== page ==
Yesterday members of the Organising and Scientific Committees of the European Association of Parental Alienation Practitioners met to discuss the programme schedule for the conference in Zagreb on 15/16th June 2020.
The full programme will shortly be available and we are excited that this conference, which is already almost fully booked, will bring the issue of how to work with children suffering from induced psychological splitting into full consciousness.
Whilst we continue to use the umbrella term ‘parental alienation’, as clinicians and legal professionals working with the problem, we are moving the focus to treatment routes which bring healing to the whole family. We are moving the issue away from the arguments about high conflict and whether parental alienation exists or not and into the field of mental health where it properly belongs.
There is much work to be done on behalf of children all over the world who suffer this problem and their parents who mourn the loss of their children in an intolerable landscape of emotional and psychological pain.
As we move forward with the European Association, we are focused upon education, awareness raising and healing interventions which are about integration of the splitting seen in families suffering this problem. Our project is to bring the world to full consciousness that a child who is rejecting a parent after family separation is a child who is waving a red flag and asking for help. When a child asks for help we give it. When a child shows us that they are in a situation in which they are being forced to utilise a defence mechanism of splitting, we can and should help.
Education for parents, social workers, Guardians, schools and more is on our list for the next phase of EAPAP. Building a skilled workforce who can use the principles and protocols of intervention with children and families affected by a child’s induced psychological splitting, is our major focus.
If you are a practitioner and you wish to understand this issue at the deepest levels, the programme of master classes and presentations across key subjects such as attachment and trauma, transgenerational transmission of trauma, adapted therapies which are demonstrated to work with alienated children, the psychiatric impact of psychological splitting, legal management of cases and more are all available to you in our two day intensive programme.
A book of the papers presented at the conference will be available and we will reset the landscape of work and understanding of this problem by launching practice standards to guide clinicians who wish to treat the problem successfully.
We have only 150 tickets still available, if you want to attend this conference it is time to book now.
Below is an example of the subjects we will be exploring at the conference. Recorded in 2019 in the USA for Félag um foreldrajafnrétti with whom we worked last week in raising awareness of the problems facing children suffering from induced psychological splitting with Icelandic Members of Parliament, this short clip shows the reality of what we are working with.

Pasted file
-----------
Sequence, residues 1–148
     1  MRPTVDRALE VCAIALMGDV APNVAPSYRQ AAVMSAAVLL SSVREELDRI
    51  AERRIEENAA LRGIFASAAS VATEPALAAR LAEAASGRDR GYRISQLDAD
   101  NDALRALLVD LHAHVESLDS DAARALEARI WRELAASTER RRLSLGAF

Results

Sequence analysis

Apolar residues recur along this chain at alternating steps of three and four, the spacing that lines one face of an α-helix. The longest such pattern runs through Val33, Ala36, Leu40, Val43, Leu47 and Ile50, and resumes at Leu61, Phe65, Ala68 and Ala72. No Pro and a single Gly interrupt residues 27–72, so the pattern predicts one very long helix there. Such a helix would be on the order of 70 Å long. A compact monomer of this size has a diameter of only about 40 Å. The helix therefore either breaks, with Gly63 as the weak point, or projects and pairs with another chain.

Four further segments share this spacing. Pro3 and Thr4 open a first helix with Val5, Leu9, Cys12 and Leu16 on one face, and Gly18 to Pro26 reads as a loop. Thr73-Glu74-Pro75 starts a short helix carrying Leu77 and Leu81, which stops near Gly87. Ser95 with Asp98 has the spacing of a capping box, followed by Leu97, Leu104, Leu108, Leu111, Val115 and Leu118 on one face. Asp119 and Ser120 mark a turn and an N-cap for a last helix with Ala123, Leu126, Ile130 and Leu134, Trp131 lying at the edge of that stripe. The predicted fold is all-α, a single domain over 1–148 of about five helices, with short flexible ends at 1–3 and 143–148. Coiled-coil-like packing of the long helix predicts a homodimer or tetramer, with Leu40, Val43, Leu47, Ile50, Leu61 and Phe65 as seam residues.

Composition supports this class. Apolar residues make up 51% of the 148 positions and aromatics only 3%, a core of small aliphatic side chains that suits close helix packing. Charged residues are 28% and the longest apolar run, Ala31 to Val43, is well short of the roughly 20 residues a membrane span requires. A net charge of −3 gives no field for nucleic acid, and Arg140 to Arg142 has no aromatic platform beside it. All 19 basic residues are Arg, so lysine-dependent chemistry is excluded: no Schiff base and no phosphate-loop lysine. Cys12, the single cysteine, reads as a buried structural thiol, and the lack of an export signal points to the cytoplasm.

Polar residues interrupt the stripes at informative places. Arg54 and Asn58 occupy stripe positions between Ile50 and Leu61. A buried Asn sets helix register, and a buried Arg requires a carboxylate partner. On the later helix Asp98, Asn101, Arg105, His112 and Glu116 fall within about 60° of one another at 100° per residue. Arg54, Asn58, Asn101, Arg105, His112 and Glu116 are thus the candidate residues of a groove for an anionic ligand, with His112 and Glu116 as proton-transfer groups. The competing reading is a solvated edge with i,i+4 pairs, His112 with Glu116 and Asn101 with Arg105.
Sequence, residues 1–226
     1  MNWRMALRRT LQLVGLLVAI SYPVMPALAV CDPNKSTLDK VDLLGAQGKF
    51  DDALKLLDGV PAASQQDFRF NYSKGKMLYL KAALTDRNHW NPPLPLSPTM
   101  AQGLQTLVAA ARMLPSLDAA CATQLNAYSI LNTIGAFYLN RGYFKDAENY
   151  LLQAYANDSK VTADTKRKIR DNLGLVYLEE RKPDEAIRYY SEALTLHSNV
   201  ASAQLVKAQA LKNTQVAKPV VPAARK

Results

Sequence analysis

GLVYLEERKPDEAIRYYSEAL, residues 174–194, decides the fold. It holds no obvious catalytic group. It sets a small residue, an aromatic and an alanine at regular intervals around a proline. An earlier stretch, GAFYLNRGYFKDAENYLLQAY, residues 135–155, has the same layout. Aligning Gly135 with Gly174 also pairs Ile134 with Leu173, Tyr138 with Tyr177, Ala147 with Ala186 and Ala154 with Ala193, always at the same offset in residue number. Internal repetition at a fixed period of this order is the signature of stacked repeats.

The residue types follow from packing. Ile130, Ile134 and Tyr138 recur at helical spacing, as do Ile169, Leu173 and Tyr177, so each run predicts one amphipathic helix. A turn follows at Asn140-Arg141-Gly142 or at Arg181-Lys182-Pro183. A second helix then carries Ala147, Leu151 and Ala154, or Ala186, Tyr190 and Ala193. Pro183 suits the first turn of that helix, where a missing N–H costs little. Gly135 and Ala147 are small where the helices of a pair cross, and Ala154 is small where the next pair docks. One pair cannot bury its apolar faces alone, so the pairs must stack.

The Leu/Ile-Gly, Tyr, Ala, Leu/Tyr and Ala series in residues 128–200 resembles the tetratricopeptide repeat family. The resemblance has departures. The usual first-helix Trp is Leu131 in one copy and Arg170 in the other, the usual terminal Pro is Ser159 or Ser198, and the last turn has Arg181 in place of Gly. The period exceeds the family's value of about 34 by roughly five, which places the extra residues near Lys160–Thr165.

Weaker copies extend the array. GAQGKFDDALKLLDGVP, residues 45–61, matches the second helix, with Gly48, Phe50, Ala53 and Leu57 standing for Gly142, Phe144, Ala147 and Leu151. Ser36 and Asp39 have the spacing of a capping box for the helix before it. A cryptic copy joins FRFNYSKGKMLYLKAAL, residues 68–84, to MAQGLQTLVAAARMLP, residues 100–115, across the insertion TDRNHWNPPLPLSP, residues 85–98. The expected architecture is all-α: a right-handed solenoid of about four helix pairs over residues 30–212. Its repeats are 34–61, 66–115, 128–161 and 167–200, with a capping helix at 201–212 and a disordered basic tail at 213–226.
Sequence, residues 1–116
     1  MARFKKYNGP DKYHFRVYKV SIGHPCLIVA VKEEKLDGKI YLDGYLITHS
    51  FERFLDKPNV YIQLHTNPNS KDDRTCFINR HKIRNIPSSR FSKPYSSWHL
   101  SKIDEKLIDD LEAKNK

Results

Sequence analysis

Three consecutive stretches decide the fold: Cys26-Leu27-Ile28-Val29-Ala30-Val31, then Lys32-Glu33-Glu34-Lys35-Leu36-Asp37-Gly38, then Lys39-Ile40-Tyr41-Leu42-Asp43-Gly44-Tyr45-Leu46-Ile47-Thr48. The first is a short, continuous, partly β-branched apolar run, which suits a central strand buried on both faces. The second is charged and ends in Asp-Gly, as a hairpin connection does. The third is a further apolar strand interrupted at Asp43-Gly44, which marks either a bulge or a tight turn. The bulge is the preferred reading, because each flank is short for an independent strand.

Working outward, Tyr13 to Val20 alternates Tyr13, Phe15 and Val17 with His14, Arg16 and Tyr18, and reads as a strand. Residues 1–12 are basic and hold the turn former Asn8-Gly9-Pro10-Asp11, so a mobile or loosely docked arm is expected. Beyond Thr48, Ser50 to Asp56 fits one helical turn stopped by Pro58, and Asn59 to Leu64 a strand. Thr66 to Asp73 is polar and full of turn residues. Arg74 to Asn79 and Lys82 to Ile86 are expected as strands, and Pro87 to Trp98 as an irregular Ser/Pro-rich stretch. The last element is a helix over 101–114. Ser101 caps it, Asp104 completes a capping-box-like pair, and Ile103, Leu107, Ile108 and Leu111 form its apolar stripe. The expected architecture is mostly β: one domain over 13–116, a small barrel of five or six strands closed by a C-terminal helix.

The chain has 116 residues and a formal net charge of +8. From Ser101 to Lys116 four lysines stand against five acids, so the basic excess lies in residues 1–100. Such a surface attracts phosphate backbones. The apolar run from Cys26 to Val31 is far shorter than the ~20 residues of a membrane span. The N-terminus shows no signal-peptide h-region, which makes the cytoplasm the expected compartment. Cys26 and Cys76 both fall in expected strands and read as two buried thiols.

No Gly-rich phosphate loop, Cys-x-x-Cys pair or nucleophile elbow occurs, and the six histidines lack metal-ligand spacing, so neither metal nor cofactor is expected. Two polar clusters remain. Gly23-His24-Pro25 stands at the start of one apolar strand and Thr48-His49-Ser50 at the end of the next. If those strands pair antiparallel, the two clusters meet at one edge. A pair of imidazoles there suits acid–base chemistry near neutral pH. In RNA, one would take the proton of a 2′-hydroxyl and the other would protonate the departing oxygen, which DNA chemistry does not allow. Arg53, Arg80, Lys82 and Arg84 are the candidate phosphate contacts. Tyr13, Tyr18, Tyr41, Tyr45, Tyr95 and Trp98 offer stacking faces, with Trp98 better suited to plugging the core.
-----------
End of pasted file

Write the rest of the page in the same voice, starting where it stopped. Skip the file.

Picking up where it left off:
Parental alienation is not about high conflict and it is not just about signs and strategies. This is a family relational problem which requires the correct principles and protocols to be applied to heal the child’s splitting behaviours and then re-organise the family ‘furniture’ in ways that prevent it from arising again. In doing so, everyone in the family is assisted and children are protected both now and in the future.
The video is really helpful – and the part about getting children to tell their story in non verbal ways reminds me that my stepson once sent a card to his Dad where he had drawn his Dad being eaten by a huge alligator, head first, whilst his Mum and Grandma stood by and watched.
using a psychoanalytical approach to analysing that picture, it tells the whole story doesn’t it. The ‘alligator’ of mother and grandmother’s combined projection of aggression is eating daddy….. these children tell us the story of the trauma they are suffering if we listen properly. The tragedy for these children is that no-one listens properly to what they are saying.
He told it in words too – but the right people chose not to listen/act.
He said in person to his Dad “I’m going to get it in the neck (for seeing you)” and wrote in a text (shown to the Guardian) ‘You have no idea how hard it is. You don’t even know the half of it”.
In a voicemail (which we still have) he pleaded with his Dad in a cold dead voice not to tell people his mother had hit him. He said it was ‘his fault’ – he’d been ‘very very naughty’, and he ‘deserved it’. In reality he’d come back from a camping trip with his Dad (the last one he ever went on) in a good mood, and was swiftly and harshly punished.
The evidence of this didn’t make any difference.